• Abstract : Background/Aims: Unlike other gastrointestinal tract cancers, there are relatively few reports on the clinical significance of circulating tumor cells (CTCs) and TWIST, a marker of epithelial-mesenchymal transition, in patients with esophageal squamous cell carcinoma (ESCC). This study aimed to evaluate the clinical significance of TWIST expression in CTCs in patients with ESCC. Methods: Peripheral blood samples for CTC analyses were prospectively obtained from 52 patients with ESCC prior to treatment between September 2017 and September 2019. CTCs were detected using a centrifugal microfluidic system based on a fluid-assisted separation technique, and CTCs positive for TWIST on immunostaining were defined as TWIST (+) CTCs. Results: Of the 52 patients with ESCC, CTCs and TWIST (+) CTCs were detected in 44 patients (84.6%) and 39 patients (75.0%), respectively. The CTC and TWIST (+) CTC counts were significantly higher in patients aged >65 years and those who had a large tumor (>3 cm) than in those aged ≤65 years and those who had a small tumor (≤3 cm), respectively. There were no differences in CTC and TWIST (+) CTC counts according to tumor location, histologic grade, or TNM stage. TWIST (+) CTCs were significantly associated with histologic grade; a proportion of TWIST (+) CTCs ≥0.5 was significantly associated with advanced histologic grade. Other clinicopathologic characteristics such as sex, age, tumor location, tumor size, and TNM stages were not significantly associated with TWIST (+) CTCs. Conclusions: Our study showed that TWIST (+) CTCs were frequently detected in patients with ESCC, and a high proportion of TWIST (+) CTCs was associated with poor differentiation.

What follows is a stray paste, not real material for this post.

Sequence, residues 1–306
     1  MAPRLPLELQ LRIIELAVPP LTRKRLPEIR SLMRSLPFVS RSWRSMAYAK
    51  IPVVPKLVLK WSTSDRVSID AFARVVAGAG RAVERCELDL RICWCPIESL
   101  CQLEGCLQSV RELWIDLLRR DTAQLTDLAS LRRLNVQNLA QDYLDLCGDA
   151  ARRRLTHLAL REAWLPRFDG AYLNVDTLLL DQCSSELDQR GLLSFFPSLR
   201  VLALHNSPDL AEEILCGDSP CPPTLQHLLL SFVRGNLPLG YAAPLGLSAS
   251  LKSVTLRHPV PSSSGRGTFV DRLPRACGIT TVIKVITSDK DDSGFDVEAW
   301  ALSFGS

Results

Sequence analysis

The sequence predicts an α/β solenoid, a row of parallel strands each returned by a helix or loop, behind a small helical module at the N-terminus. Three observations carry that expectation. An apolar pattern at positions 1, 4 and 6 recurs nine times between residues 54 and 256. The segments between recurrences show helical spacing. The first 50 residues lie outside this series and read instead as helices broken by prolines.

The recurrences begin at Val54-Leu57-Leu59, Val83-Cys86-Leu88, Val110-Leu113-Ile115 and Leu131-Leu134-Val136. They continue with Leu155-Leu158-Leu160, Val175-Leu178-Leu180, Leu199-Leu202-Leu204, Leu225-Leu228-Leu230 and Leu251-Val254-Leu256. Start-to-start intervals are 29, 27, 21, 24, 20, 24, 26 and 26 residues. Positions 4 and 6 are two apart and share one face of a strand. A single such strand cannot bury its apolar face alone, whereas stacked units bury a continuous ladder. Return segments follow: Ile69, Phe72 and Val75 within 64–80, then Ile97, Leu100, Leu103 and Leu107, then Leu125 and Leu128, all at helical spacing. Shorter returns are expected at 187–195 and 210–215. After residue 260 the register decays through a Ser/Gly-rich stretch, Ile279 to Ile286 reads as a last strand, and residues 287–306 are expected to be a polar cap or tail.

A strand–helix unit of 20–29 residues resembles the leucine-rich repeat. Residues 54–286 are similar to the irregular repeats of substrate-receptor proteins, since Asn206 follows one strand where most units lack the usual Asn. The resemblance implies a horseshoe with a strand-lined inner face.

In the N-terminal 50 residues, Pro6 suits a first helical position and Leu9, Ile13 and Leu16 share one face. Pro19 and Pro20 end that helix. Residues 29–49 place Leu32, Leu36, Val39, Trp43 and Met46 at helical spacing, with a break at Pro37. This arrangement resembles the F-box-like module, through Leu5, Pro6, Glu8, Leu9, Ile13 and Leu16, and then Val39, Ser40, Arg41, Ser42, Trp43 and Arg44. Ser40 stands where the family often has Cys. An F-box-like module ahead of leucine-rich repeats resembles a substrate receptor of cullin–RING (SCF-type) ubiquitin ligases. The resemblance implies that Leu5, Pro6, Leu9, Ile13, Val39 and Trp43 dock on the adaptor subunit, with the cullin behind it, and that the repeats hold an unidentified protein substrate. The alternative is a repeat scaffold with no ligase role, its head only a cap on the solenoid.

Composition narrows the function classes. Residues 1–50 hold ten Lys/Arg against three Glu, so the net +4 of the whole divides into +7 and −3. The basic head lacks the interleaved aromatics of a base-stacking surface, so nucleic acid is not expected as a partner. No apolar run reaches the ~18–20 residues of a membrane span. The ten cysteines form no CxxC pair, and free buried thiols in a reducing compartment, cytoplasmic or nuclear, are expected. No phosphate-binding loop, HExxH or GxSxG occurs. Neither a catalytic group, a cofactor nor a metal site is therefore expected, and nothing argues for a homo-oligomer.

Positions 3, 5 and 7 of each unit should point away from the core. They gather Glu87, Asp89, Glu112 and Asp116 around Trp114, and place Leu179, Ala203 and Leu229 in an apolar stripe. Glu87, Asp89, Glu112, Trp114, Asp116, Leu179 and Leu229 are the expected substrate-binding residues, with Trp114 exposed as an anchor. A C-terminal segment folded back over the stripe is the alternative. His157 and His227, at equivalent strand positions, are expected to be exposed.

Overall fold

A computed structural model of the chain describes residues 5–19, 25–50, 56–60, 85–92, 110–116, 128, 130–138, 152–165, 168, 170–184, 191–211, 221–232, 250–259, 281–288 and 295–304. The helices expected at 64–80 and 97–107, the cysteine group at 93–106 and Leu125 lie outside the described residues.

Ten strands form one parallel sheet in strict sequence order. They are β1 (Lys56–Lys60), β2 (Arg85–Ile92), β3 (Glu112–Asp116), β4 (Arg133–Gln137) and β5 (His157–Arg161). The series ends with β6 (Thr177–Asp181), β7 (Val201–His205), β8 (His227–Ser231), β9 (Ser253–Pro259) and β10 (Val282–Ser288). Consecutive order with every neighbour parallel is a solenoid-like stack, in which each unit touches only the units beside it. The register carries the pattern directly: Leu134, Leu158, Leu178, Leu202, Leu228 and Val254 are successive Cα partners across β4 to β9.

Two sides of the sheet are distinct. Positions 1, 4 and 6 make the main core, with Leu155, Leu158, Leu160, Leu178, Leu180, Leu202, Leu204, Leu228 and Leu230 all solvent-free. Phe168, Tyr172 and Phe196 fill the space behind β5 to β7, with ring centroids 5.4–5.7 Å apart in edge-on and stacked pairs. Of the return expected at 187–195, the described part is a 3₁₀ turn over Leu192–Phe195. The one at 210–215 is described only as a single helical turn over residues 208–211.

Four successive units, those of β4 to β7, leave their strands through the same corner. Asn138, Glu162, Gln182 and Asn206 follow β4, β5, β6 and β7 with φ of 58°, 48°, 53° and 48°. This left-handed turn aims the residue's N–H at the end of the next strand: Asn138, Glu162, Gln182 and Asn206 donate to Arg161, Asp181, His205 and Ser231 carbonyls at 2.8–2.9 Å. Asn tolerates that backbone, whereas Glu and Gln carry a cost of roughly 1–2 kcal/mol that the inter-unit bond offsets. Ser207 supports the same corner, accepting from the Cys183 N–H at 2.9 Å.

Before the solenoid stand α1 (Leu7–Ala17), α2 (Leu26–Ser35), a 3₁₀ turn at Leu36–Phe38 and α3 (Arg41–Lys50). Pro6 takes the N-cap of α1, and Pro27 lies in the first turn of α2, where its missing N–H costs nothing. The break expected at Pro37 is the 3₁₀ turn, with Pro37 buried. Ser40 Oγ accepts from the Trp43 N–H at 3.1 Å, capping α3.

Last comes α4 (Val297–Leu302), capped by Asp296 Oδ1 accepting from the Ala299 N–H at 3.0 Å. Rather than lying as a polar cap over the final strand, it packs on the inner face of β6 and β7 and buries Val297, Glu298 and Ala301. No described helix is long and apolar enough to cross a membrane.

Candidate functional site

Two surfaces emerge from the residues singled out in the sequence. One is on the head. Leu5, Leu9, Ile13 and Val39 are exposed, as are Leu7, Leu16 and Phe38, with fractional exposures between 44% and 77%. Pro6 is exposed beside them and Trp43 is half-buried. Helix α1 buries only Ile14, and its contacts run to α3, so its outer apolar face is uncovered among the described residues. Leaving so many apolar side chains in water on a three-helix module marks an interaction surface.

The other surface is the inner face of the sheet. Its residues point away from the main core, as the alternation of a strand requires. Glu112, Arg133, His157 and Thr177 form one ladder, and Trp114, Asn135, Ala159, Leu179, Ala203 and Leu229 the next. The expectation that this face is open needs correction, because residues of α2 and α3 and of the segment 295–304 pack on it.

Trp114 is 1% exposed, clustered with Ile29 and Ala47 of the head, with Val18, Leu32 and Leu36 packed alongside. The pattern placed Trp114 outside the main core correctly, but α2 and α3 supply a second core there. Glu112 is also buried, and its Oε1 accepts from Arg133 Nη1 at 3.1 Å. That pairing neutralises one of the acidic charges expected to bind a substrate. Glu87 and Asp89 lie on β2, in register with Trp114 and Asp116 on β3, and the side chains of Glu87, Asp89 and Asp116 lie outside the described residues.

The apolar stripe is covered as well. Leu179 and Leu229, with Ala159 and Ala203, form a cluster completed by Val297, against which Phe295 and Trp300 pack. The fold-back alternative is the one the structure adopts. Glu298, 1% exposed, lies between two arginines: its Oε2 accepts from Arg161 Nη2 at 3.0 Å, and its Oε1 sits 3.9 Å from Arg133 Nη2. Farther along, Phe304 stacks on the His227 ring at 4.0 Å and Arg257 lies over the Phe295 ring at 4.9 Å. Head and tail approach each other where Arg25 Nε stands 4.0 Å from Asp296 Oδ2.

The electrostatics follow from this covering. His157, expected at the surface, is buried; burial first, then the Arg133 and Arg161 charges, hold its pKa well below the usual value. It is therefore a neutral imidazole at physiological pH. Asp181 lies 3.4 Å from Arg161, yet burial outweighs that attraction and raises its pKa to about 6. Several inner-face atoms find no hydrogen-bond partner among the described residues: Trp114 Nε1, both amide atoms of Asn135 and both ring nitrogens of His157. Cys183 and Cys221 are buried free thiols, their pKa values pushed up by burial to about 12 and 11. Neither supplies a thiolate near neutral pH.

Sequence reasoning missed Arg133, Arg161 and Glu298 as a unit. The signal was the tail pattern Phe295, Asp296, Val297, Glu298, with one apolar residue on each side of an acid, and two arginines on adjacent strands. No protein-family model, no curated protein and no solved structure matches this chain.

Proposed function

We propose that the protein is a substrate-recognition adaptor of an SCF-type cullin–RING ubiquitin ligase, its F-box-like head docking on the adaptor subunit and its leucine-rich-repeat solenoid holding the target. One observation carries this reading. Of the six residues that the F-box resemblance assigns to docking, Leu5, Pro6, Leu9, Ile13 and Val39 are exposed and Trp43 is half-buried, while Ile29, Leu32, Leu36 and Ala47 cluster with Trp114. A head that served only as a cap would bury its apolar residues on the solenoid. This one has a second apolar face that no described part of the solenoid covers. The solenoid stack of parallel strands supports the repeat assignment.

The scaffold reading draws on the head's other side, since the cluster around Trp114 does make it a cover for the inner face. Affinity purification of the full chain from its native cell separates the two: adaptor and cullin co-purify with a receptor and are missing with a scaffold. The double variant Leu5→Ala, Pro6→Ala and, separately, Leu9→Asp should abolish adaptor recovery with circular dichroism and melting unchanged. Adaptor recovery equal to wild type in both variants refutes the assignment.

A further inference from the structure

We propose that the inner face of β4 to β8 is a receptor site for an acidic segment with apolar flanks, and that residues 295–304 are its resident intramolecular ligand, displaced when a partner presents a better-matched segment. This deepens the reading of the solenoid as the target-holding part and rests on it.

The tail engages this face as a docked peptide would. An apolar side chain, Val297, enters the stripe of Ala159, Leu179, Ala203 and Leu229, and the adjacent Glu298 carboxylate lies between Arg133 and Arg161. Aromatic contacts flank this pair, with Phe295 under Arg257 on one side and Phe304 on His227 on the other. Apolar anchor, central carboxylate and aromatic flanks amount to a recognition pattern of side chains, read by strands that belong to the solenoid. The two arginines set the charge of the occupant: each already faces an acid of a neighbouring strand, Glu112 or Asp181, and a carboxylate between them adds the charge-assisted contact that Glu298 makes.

• Abstract : Background/Aims: The intensities of injection pain resulting from the use of long- and medium-chain triglyceride (LCT/MCT) propofol and conventional LCT propofol during esophagogastroduodenoscopy (EGD) have yet to be compared. We aimed to determine the pain intensity caused by different formulations of propofol and to evaluate the formulation that would be preferred by patients as a sedative agent during their next procedure. Methods: This study was a single-center, randomized, controlled, and double-blind trial. Pain intensity was estimated 30 seconds after propofol injection by an examiner who was blinded to the group assignment using a numeric (0–10) pain rating scale (NPRS). After 1 week, the patients were asked whether they could recall the pain and were willing to receive the same agent for their next EGD. Results: One hundred twenty-nine patients were randomly assigned to LCT/MCT or LCT group. Although there was no significant difference in pain incidence between the LCT/MCT and LCT groups (52.9% vs 65.6%, p=0.156), the pain intensity was significantly lower in the LCT/MCT group (NPRS median [interquartile range]; 1 (0–2) vs 2 (0–5), p=0.005). After 1 week, fewer patients in the LCT/MCT group recalled the pain (19.1% vs 63.9%, p